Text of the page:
Dual polarization interferometry (DPI) is used for a detailed study of antibody immobilization with and without orientation control, using prostate specific antigen (PSA) and its antibody as model. Thiol modified DPI chips were activated by a heterobifunctional cross-linker (sulfo-GMBS). PSA antibody was either directly immobilized via covalent binding or coupled via the Fc-fragment to protein G covalently attached to the activated chip. The direct covalent binding leads to a random antibody orientation and the coupling through protein G leads to an end-on orientation. Ethanolamine (ETH) was used to block remaining active sites following the direct antibody immobilization and protein G immobilization. A homobifunctional cross-linker (BS3) was used to stabilize the antibody layer coupled on protein G. DPI provides a real-time measurement of the stepwise molecular binding processes and gives detailed geometrical and structural values of each layer, i.e., thickness, mass, and density. These values evidence the end-on orientation of closely packed antibody on protein G layer and reveal structural effects of ETH blocking/deactivation and BS3 stabilization. With the end-on immobilized antibody, PSA at 10 pg/mL can be detected by DPI through a sandwich complex that satisfies the clinical requirement (assuming <30 pg/mL as clinically safe). However, the randomly immobilized antibody failed to detect PSA at 1 ng/mL. In a parallel study using surface plasmon resonance (SPR) spectroscopy, random and end-on antibody immobilization on streptavidin-modified gold surface was evaluated to further validate the importance of antibody orientation control. With the closely packed antibody layer on protein G surface, SPR can also detect PSA at 10 pg/mL.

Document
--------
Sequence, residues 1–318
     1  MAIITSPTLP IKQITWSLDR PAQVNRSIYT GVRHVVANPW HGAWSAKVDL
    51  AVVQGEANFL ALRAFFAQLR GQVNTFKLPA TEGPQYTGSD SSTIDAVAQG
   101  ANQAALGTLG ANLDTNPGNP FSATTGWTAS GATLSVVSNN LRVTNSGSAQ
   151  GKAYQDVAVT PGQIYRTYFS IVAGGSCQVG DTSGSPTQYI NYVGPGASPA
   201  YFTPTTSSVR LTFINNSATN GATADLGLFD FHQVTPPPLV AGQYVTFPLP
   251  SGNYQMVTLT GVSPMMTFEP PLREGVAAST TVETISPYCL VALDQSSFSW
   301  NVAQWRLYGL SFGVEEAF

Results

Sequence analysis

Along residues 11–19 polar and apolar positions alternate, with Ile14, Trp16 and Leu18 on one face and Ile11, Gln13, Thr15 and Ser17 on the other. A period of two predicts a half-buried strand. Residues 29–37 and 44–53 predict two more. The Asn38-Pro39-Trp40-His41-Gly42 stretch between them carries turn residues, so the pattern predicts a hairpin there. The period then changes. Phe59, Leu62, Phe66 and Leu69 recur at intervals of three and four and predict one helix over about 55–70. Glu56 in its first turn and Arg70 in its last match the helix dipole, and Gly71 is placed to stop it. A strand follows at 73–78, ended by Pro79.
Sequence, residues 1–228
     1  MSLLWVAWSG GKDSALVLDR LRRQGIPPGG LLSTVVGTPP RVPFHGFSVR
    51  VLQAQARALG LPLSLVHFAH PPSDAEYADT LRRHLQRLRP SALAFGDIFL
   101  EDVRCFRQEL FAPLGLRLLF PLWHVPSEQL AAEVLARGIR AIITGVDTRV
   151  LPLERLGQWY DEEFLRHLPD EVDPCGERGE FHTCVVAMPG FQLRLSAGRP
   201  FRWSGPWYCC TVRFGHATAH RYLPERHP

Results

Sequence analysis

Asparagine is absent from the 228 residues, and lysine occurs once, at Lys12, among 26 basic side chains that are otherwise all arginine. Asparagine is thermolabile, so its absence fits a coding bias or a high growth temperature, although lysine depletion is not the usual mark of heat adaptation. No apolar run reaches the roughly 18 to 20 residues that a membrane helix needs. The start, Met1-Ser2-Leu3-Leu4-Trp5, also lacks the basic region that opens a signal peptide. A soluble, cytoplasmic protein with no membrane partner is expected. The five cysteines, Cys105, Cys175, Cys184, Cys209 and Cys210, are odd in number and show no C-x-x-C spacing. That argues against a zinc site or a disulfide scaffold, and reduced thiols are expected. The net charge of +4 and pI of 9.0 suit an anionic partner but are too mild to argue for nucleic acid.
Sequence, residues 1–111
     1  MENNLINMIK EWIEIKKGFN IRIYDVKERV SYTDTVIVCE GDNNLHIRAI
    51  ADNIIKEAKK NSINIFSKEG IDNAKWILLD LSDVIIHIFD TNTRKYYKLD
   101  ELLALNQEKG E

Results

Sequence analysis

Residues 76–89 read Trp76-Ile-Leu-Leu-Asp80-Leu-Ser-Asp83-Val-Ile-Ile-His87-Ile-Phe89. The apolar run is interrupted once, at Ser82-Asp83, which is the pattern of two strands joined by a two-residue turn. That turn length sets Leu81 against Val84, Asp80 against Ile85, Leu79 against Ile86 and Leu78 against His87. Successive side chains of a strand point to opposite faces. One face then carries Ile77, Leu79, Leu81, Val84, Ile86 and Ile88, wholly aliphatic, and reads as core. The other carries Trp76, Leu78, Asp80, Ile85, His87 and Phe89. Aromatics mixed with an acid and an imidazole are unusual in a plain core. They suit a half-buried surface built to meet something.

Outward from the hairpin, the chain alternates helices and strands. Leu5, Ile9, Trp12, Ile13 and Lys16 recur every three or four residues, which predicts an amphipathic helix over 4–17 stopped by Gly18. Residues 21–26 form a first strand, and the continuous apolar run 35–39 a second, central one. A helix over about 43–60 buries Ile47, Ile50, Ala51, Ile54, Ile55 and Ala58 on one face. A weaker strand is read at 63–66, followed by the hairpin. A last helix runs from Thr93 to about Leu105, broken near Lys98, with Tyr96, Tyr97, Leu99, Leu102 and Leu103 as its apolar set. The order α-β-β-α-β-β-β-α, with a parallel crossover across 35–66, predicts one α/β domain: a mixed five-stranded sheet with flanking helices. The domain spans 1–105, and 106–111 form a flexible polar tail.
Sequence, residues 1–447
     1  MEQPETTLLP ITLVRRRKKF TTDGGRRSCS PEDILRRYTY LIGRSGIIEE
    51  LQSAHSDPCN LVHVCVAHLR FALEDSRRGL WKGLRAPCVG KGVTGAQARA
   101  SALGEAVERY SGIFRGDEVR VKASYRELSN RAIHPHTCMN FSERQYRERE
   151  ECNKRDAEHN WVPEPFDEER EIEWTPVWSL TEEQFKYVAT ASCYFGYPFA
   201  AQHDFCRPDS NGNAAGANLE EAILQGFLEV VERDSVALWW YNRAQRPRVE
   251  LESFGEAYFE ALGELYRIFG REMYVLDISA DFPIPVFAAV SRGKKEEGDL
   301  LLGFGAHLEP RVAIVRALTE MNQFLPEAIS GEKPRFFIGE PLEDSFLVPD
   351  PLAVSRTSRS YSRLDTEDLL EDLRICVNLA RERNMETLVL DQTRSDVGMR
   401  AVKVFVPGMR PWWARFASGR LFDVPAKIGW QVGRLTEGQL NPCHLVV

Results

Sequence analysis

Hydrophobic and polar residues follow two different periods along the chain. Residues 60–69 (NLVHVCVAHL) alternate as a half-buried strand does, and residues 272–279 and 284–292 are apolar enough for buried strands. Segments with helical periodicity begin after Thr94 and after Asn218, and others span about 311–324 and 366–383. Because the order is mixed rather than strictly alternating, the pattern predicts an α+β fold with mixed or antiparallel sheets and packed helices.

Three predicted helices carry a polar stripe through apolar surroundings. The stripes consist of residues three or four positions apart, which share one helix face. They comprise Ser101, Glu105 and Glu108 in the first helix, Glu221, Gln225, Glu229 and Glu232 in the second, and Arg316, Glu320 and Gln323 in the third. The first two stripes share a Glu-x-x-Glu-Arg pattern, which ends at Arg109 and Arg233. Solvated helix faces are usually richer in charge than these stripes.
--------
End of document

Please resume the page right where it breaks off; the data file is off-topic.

All Science Journal Classification (ASJC) codes
- Materials Science(all)
- Condensed Matter Physics
- Surfaces and Interfaces